Reply
  • maria October 30, 2009, 12:19 am

    Thanks for the carb explanation. :) Very informative and helpful!

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  • Lizzy October 30, 2009, 12:34 am

    this post is wonderful. i sort of learned my lesson about carb loading the night before my half just a couple weeks ago, and honestly i think i might have over done it. What do you think is to much?

    Reply
  • Whole Body Love October 30, 2009, 1:13 am

    My last Anatomy/Physiology exam covered a little bit on gloycogen. I love that I learn things in that class that apply to my life now.

    Reply
  • Marissa October 30, 2009, 2:02 am

    My A+P prof told us this week how much those models cost. That’s the business to get into, LOL :)

    Reply
  • Tay October 30, 2009, 3:08 am

    I’ve definitely hit the wall a couple of times. The ones I remember most was during a 22 mile training run, when I hit it around mile 20. Oh god. Those last 2 miles were awful – I felt chilled and goosebumped and my head felt like it was detached, yet still super heavy. I also hit the wall during my marathon around mile 16-17. They were super tough. But the fuel and the thrill of being done pushed me through miles 20-26!

    Reply
  • Nicole October 30, 2009, 3:56 am

    Ah the dreaded runner’s runs. They are NOT my friend, but I know them oh so well! I have been on many runs and have come back with only one sock. My first half marathon was horrible. I had to go so bad at mile 3, and finally found a portapotty. I tried to be all quiet in there so it took a little bit longer than I wanted. At mile 10, I had to go AGAIN!! At this point there was a line for the next porta potty, and when I did end up getting in there, I didn’t care about discretion. I was desperate to finish this race if it killed me! My intestines were screaming and wanted everything out! I finished the race alright with about 10 min devoted to potty time! Damn runners runs!!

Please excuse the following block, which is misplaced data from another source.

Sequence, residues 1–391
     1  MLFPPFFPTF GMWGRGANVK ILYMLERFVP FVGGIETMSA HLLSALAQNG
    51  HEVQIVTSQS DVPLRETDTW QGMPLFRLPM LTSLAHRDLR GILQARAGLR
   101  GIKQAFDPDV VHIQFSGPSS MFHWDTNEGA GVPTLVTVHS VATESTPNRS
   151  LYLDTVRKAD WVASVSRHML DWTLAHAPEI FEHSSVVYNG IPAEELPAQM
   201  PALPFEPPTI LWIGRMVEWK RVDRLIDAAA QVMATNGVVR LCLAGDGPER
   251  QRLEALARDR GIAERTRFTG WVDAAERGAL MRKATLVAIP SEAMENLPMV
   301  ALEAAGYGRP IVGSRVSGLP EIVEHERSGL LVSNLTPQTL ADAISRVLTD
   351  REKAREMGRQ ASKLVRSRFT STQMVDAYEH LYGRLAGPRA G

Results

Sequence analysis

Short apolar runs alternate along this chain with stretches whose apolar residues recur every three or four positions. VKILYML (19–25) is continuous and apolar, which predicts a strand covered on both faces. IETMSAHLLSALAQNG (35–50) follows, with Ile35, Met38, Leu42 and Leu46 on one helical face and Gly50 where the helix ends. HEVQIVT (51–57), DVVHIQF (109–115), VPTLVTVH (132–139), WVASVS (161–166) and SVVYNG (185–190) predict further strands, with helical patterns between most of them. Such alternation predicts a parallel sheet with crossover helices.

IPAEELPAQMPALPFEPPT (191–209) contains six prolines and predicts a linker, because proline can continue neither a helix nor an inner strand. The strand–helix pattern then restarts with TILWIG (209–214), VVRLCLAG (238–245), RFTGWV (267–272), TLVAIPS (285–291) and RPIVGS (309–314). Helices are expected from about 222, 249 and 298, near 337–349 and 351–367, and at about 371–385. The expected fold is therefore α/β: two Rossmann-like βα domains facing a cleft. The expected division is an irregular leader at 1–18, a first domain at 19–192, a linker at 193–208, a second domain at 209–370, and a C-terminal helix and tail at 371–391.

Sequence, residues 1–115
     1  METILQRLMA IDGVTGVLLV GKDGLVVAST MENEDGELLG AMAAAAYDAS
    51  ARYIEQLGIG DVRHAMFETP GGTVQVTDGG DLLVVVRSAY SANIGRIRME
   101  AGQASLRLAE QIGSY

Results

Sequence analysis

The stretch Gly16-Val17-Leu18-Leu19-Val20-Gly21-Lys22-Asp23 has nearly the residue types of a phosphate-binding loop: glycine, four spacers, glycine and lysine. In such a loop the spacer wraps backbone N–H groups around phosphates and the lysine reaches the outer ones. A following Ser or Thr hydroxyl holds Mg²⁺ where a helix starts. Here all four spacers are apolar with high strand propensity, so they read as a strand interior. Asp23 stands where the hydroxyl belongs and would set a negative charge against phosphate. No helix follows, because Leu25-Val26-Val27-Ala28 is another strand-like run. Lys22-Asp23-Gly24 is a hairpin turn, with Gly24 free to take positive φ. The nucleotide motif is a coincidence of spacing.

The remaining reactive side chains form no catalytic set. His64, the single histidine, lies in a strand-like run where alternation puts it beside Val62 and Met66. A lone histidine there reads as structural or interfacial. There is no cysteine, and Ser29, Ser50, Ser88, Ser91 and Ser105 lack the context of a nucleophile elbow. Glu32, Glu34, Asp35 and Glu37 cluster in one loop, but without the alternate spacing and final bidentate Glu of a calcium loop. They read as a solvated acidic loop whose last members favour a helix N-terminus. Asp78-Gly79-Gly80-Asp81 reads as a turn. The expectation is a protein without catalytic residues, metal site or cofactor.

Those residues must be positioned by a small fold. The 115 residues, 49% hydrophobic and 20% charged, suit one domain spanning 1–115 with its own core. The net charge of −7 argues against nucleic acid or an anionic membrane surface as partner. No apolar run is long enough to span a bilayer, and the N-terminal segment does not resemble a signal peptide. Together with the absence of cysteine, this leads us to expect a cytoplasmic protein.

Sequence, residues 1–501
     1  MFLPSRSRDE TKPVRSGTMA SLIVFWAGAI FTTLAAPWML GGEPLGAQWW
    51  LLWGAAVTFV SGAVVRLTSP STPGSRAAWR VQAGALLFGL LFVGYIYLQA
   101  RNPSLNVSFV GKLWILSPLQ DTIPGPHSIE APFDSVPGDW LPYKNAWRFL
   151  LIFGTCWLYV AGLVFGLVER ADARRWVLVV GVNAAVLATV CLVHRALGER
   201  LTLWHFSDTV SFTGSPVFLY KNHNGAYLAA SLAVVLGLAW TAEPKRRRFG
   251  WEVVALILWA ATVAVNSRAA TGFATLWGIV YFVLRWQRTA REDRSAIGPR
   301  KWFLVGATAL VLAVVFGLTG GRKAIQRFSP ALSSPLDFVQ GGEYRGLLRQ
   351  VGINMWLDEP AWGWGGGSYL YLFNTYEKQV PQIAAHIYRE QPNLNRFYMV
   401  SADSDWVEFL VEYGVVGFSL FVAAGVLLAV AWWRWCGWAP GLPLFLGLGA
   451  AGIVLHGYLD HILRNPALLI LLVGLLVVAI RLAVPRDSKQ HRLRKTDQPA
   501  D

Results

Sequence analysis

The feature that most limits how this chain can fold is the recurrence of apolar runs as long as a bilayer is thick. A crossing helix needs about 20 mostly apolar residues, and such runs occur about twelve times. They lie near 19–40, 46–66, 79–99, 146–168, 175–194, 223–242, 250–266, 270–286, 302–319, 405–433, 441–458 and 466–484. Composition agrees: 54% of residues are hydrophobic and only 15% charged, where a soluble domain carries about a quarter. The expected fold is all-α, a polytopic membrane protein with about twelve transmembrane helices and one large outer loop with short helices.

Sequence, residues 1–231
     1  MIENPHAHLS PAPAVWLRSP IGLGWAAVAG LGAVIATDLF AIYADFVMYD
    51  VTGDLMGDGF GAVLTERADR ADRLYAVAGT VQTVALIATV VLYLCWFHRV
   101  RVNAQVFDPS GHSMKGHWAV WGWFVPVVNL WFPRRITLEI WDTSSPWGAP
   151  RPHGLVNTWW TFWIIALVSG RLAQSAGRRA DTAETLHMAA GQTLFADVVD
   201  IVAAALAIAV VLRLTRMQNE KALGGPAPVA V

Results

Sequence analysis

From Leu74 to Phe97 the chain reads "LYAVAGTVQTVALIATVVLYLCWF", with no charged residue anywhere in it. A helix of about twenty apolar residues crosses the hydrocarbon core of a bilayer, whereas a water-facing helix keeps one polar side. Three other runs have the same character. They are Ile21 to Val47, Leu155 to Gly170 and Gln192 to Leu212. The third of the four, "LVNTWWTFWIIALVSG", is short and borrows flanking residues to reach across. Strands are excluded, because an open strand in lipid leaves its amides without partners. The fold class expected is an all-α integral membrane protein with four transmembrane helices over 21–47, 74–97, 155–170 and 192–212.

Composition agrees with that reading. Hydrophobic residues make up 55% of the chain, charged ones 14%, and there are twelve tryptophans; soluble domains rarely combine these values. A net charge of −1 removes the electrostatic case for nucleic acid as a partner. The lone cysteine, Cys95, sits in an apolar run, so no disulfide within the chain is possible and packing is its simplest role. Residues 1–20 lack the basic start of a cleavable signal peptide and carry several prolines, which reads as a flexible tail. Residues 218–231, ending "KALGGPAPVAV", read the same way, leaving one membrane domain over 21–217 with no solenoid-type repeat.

As for hitting a wall, oh yeah. A few times this past tri season when I had worked out for 2 or 3 hours straight and didn’t take in enough nutrition, you bet I hit a wall. I felt like I was going to faint. No matter how hard I tried to push my legs to go, they slowed down. I felt like I couldn’t control my body. Not fun!!

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  • Danielle October 30, 2009, 7:34 am

    I hope your run is going well! I can’t believe you are already at the 17 mile long run in your training. So exciting :)

    I totally hit the wall between mile 17 and 18 when I ran the Nike Women’s Marathon a few weeks ago. I started out pretty good, pacing my self pretty slowly because I knew 26.2 miles is a long way and didn’t want to burn myself out. The weather in SF was so much nicer than here in FL but I really wasn’t prepared for the hills (no amount of bridge running could have helped the mountain that we climbed!) so I know I didn’t fuel properly during that time. Around mile 15 (maybe earlier, maybe later I honestly can’t remember now) I started to get a horrible stomach ache and felt terrible and I was HUNGRY. I know I should have taken a GU but I was afraid that it would bother my stomach even more…so I walked for a few miles and finally around mile 18 I called my husband crying because I was so DONE. He encouraged me to keep going (“You only have 8 more miles! It’s like a training run!”) so I sucked it up, ate a GU and FINISHED!

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  • Andee (LAEasyMeals) October 30, 2009, 8:05 am